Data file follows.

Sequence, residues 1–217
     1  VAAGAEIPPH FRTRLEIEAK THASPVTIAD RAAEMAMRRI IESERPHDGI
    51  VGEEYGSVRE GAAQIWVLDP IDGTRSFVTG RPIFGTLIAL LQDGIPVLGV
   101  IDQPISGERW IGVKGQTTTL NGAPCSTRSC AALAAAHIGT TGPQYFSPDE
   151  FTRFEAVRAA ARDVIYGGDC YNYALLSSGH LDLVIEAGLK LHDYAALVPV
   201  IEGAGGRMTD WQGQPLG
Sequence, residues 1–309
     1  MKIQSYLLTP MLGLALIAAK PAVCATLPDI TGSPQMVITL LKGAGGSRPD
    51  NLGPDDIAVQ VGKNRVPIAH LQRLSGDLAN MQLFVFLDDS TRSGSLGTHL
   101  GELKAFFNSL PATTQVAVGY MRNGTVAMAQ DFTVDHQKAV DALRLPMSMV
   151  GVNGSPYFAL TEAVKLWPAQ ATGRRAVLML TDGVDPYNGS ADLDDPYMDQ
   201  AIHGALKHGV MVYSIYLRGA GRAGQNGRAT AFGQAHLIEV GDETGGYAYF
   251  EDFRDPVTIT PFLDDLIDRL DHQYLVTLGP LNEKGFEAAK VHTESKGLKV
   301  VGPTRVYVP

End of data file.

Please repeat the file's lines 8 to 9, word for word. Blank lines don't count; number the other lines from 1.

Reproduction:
     1  MKIQSYLLTP MLGLALIAAK PAVCATLPDI TGSPQMVITL LKGAGGSRPD
    51  NLGPDDIAVQ VGKNRVPIAH LQRLSGDLAN MQLFVFLDDS TRSGSLGTHL